The Minister of Defense, USA, Dr. Robert Michael Gates, during his speech.
Photo Credit: Kai Mörk
PDP Co-Director Ashton B. Carter participates in Munich Conference on Security Policy
February 10, 2008
Author: Jeffrey Kim, Former Affiliate and Research Assistant, Preventative Defense Project, 2007-2008
Belfer Center Programs or Projects: Preventive Defense Project
Munich, Germany – PDP Co-Director Ashton B. Carter participated in the 44th Munich Conference on Security Policy (also known as Wehrkunde), February 8-10, as a member of a Congressional Delegation led by Senator Joseph Lieberman (I-CT).
The theme of this year’s conference was: "A World in Disarray – Shifting Powers – Lack of Strategies".
Dr. Carter met with top-level defense and foreign policy officials from around the world, including Secretary of Defense Robert Gates and NATO Secretary General Jaap de Hoop Scheffer.
Other members of the delegation included Senator Lindsey Graham (R-SC), Congresswoman Ellen Tauscher (D-CA), Congresswoman Jane Harman (D-CA), Congressman Jim Marshall (D-GA), Congressman Spencer Bachus (R-AL), Congressman Chris Shays (R-CT), Minnesota Governor Tim Pawlenty, and former National Security Advisor Brent Scowcroft.
PDP Senior Advisor and former NATO Supreme Allied Commander General (ret.) James Jones also attended the conference.
Among the world leaders speaking at the conference were Serbian President Boris Tadiæ, Turkish Prime Minister Recep Tayyip Erdogan, and Russian First Deputy Prime Minister Sergey Ivanov, as well as the European Union’s High Representative for the Common Foreign and Security Policy Javier Solana, and the Director General of the International Atomic Energy Agency Mohamed ElBaradei.
The topics of panel discussions ranged from the future of arms control to Russia’s role in European security, to NATO expansion and maintaining stability in Asia.
Secretary Gates delivered a major speech where he emphasized the importance of NATO’s mission in Afghanistan and the need for stronger coordination of non-military assistance to the government in Kabul. He reminded the audience of how the mission directly relates to NATO’s founding purpose of defending the transatlantic community and why the Alliance needs to continue in its transformation towards a more expeditionary force structure. He also took the opportunity to address the people of Europe and urged them to take heed of the expanding threat posed by terrorism and to view the fight in Afghanistan as crucial to meeting this wider challenge.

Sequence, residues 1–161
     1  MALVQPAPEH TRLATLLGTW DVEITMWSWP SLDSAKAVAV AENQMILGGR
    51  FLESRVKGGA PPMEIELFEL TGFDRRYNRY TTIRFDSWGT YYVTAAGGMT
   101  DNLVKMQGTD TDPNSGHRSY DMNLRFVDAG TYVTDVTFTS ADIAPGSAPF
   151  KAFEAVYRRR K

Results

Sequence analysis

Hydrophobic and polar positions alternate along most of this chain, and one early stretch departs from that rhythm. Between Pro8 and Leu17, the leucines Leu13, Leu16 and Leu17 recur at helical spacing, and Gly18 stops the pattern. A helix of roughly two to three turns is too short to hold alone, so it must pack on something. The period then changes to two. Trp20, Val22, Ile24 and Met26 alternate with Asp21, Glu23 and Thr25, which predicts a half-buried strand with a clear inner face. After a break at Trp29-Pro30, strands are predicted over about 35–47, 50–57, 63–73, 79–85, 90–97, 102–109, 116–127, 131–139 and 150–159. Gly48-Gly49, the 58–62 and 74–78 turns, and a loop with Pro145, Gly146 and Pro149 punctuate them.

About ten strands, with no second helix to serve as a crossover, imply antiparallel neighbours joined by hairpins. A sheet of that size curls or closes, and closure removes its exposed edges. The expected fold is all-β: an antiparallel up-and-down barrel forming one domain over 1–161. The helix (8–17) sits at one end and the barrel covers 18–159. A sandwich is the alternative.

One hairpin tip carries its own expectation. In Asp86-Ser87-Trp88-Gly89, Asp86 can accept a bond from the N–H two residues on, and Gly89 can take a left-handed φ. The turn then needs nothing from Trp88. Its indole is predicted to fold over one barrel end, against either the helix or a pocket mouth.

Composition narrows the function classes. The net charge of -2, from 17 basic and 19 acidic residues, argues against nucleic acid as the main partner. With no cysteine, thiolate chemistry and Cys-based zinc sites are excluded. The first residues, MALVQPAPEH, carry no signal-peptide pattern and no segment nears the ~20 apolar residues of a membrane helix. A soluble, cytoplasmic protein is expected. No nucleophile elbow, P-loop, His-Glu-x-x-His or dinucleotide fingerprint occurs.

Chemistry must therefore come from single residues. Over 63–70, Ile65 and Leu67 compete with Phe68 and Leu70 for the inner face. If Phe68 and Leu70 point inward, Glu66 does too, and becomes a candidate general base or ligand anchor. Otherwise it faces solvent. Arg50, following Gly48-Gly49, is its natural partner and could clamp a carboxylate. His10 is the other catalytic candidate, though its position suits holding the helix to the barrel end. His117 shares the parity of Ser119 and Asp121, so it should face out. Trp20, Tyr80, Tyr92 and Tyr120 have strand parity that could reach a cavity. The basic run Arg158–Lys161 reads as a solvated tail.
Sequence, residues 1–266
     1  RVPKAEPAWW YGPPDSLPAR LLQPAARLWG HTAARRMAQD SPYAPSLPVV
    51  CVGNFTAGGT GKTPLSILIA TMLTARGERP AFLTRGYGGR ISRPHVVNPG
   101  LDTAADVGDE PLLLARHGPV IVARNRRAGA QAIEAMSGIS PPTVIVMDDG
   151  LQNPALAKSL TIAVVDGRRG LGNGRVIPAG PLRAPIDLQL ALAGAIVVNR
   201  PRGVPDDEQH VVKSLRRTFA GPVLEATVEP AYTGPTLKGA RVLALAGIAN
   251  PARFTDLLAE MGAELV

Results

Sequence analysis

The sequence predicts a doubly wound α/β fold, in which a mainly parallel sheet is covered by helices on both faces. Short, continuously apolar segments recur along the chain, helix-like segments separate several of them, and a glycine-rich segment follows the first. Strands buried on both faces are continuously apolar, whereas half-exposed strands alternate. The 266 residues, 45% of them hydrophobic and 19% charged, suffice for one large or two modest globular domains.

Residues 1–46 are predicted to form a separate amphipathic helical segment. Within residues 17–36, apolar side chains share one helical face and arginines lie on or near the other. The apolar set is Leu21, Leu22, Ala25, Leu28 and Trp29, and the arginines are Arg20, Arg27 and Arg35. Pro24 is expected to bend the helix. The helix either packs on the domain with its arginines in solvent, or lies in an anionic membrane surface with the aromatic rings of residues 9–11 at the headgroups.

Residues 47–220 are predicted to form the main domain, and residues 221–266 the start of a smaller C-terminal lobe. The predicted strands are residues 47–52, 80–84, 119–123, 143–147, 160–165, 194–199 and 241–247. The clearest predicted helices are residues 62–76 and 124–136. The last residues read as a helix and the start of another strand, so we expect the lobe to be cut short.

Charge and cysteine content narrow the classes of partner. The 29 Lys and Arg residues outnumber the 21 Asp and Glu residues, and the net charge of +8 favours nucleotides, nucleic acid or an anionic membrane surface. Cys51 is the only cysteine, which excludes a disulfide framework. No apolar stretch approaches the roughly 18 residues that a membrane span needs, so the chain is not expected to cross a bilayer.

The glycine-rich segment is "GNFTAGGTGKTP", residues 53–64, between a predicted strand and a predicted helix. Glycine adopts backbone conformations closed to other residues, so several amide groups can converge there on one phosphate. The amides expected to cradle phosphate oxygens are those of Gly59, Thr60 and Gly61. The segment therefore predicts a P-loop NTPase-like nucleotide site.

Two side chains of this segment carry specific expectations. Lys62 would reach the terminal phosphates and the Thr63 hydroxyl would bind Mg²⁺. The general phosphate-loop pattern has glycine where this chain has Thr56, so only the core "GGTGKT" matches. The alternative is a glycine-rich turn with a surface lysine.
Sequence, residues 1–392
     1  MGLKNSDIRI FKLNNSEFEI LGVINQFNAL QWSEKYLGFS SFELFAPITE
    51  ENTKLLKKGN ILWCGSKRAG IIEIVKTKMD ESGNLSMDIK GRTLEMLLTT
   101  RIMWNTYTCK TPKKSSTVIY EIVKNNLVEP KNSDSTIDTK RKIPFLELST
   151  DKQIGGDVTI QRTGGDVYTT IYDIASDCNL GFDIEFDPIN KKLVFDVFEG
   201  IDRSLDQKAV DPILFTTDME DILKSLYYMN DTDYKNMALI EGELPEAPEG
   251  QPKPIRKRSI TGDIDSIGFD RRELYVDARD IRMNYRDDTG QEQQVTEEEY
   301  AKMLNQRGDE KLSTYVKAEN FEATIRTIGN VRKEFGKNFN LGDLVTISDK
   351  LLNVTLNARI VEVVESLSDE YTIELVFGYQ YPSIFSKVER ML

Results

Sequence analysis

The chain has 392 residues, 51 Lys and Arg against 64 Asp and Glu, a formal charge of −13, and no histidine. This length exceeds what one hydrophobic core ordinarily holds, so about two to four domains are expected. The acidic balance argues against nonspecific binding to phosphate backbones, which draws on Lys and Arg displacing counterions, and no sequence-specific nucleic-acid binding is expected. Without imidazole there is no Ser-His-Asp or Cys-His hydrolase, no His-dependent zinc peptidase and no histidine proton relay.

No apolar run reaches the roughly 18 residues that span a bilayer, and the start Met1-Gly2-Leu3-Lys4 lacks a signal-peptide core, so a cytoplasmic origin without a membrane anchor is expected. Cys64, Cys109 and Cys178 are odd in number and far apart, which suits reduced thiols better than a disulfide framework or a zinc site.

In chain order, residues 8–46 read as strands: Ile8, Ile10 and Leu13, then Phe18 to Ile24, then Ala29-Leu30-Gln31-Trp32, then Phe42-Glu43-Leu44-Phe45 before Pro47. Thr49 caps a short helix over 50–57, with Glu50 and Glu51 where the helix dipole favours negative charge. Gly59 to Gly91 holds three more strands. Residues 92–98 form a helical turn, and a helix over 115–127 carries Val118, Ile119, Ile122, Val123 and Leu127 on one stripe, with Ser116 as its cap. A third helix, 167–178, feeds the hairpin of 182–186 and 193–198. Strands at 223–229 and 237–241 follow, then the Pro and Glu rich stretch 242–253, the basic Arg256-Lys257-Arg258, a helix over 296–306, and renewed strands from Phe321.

(The full text of Secretary Gates’ speech can be viewed here)
In an earlier speech at the conference, Secretary General de Hoop Scheffer had pointed to the need for NATO member states to contribute more personnel and equipment to the effort in Afghanistan. He also focused on resolving Europe’s “unfinished business” in the Balkans and the goal of ensuring lasting stability for Kosovo.
At a later forum Russian Deputy Prime Minister Ivanov warned against Kosovo’s impending declaration of independence from Serbia. Shifting then to a more conciliatory tone, Ivanov highlighted the importance of the relationship between Moscow and Washington, and also explained that a more prosperous Russia should not pose a threat to the rest of the world.
Senator John McCain (R-AZ) had intended to lead the congressional delegation along with Senator Lieberman, but McCain decided to withdraw from participation in the Munich conference due to the need to remain with his ongoing Presidential campaign.
Complete information about the Munich Conference on Security Policy may be found on the conference's website.
For more information about this publication please contact the PDP Associate Director at 617-495-1412.
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